Tonight, the Toronto Marlies will play their tenth game of the 2018/19 regular season, as they take on the Cleveland Monsters at Quicken Loans Arena. Not only does that put them into double-digit territory, but it also kicks off one of their two traditional multi-week road trips of the season.
Why exactly do the Marlies evacuate their rink at the end of October, only to re-appear in the final days of the following month? As it turns out, Coca-Cola Coliseum is still City of Toronto property and part of the CNE. This means that when the Royal Winter Fair comes around, they get to use the rink for the multi-week event – usually replacing the ice with dirt and the Marlies with horses. As such, the Marlies use the time to knock a bunch of games off their road schedule.
This year, the break is easier than its ever been; tomorrow’s game in Cleveland, three games in Belleville, and one in Laval before returning home on the 17th. The chain of bus rides has been cut down severely, the total games have dropped from 8-9 to just five, and the team will most likely be able to spend most of their next 17 days in their own homes.
All the same, it’s still traditionally a bookmarking point in the season, so it’s worth looking at where they stand up to this point.
Heading into tonight, Toronto carries a 4-4-0-1 record, good for fourth in the North Division by points and a tie for third in points percentage. The great thing about this trip is that it’ll allow them to pick up some ground; three games against Belleville give them the chance to leapfrog them, and a four-point gap between themselves and Cleveland can be shrunk before the weekend hits.
Toronto achieved its record in a way it likely could have preferred to avoid; after a 7-3 season opener against Utica on October 5th, the team dropped the next five games against Binghamton, Cleveland, Rochester, and two more against the Comets. Since then, though, the team has caught a grip, winning their last three games by a combined score of 9-4.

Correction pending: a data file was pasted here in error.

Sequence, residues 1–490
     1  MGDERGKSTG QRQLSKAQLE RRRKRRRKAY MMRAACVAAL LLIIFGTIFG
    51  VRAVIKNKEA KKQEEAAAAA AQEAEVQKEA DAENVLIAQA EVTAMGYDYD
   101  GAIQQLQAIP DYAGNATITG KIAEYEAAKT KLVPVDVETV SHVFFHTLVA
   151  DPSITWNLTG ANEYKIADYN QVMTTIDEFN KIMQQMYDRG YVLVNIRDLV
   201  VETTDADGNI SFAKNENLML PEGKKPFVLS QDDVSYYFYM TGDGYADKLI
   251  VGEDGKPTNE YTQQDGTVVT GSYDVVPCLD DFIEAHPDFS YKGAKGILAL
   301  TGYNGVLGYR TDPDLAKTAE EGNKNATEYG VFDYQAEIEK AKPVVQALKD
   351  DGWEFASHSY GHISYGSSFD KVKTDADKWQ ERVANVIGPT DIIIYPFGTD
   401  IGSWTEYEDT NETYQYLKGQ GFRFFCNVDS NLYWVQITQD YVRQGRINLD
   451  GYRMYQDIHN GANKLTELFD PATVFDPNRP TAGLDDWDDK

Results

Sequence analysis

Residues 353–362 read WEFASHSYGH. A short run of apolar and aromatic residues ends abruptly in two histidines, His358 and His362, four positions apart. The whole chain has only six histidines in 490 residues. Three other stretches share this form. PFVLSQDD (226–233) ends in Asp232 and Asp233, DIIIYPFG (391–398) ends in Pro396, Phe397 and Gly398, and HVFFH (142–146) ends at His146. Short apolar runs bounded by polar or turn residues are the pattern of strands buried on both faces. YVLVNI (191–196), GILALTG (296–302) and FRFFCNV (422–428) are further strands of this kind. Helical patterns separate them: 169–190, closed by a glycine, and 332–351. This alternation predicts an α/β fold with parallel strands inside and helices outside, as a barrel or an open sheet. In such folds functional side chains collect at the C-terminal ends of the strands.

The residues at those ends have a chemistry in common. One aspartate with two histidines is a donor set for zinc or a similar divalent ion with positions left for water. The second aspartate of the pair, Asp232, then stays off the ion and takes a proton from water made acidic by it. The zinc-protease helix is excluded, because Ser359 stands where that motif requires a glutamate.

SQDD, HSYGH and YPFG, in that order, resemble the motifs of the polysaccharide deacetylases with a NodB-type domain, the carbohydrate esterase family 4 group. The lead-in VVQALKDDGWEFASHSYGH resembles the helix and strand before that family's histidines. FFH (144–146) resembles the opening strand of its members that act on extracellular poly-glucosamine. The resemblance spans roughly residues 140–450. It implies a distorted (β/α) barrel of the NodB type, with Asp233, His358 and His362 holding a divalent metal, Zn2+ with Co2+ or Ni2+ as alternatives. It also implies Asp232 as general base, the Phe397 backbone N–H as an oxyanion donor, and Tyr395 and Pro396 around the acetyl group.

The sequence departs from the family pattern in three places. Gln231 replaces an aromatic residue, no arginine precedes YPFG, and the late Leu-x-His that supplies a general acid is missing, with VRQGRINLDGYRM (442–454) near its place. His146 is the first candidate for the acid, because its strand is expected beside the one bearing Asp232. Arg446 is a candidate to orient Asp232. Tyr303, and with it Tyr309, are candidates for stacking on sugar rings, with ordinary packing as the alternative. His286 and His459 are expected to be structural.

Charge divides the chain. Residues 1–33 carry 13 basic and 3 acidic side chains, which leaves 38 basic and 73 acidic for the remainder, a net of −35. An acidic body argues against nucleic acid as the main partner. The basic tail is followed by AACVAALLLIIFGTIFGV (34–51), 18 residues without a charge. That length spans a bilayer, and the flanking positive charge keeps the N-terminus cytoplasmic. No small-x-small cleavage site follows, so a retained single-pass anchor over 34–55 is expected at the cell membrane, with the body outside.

Part of that comes from a steadying of goaltending, which as you can see above, has been a concern. Their full-season save percentage of 0.882 was even worse two and a half weeks ago and is still way below what they’d like it to be (by comparison, last year’s team got a historical 0.929 effort out of Garret Sparks and Calvin Pickard). Jeff Glass has started to settle in, and the team has in front of him as well. Limiting volume against is likely a goal, but I doubt they’ll want to change much on the other side of the ice; the team is near the top of the league in goal and shot generation, even as the Leafs have taken away quite a few of the team’s top ice-tilters both up front (Kasperi Kapanen, Andreas Johnsson, Frederik Gauthier), and on the Blue Line (Travis Dermott, Martin Marincin and Justin Holl).
Speaking of tilting the ice, Toronto has done that in a way that you’d expect a progressively-run, modern AHL team to do. Through the nine games, the Marlies have posted a 54.8% Corsi-For Percentage, attempting 401 shots in 5-on-5 situations while conceding 331. Unfortunately, I don’t have a reference point for where that stands with the rest of the league, as I’m tracking that data myself, but from a general standpoint, 55% is a very good mark for a team to be standing at. Notably, it’s not just a matter of score effects; the team took 60.2% of the shot attempts over their three-game winning streak over Hartford, Laval, and Syracuse.
Toronto’s efforts stretch beyond just the total package, though. There are a bevvy of players, all simultaneously working towards many goals. Not only are they trying to win hockey games, but they’re also trying to improve themselves and win the eyes of the league above, as they chase dreams of making to, or returning to, the National Hockey League. Some pathways are different than others, involve more stops on the journey, or more elements to to be taught. Here is an update on where everyone stands in the early goings of this season: Continue Reading…